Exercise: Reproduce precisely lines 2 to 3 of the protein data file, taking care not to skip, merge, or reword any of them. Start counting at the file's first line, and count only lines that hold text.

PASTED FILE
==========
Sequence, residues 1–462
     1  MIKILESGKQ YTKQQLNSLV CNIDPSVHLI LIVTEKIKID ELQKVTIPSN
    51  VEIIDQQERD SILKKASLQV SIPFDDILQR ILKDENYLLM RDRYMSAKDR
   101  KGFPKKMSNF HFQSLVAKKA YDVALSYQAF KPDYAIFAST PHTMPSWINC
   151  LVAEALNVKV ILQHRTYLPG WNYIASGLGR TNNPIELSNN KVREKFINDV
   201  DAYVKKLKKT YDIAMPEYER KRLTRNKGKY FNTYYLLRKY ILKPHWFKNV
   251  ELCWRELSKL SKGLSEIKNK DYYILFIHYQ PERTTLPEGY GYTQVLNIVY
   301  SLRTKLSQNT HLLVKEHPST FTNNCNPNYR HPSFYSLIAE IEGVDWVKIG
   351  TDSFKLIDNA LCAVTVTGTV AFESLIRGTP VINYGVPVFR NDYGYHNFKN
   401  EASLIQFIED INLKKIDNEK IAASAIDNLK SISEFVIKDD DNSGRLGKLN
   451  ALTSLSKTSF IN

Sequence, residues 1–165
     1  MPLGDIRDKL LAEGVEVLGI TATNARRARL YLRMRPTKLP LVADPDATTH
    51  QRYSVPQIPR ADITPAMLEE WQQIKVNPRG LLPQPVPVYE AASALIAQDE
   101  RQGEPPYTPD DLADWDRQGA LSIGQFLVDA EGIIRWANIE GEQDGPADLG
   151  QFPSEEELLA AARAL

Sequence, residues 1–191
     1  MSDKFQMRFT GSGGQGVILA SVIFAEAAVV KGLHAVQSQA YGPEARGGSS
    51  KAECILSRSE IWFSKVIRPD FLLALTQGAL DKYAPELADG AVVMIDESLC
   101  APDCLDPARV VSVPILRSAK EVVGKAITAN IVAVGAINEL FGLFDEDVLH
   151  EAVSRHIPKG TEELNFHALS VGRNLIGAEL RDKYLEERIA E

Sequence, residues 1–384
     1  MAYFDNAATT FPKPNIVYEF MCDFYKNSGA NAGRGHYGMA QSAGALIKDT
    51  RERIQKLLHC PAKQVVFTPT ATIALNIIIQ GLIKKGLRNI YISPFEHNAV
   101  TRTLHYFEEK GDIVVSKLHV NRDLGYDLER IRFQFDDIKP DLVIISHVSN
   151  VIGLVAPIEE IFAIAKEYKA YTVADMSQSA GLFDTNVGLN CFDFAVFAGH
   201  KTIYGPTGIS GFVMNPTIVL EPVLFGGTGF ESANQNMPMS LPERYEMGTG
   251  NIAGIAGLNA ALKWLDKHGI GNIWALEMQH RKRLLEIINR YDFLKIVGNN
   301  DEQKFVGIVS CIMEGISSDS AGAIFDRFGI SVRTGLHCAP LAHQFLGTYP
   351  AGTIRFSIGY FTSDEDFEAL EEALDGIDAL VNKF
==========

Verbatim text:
     1  MIKILESGKQ YTKQQLNSLV CNIDPSVHLI LIVTEKIKID ELQKVTIPSN
    51  VEIIDQQERD SILKKASLQV SIPFDDILQR ILKDENYLLM RDRYMSAKDR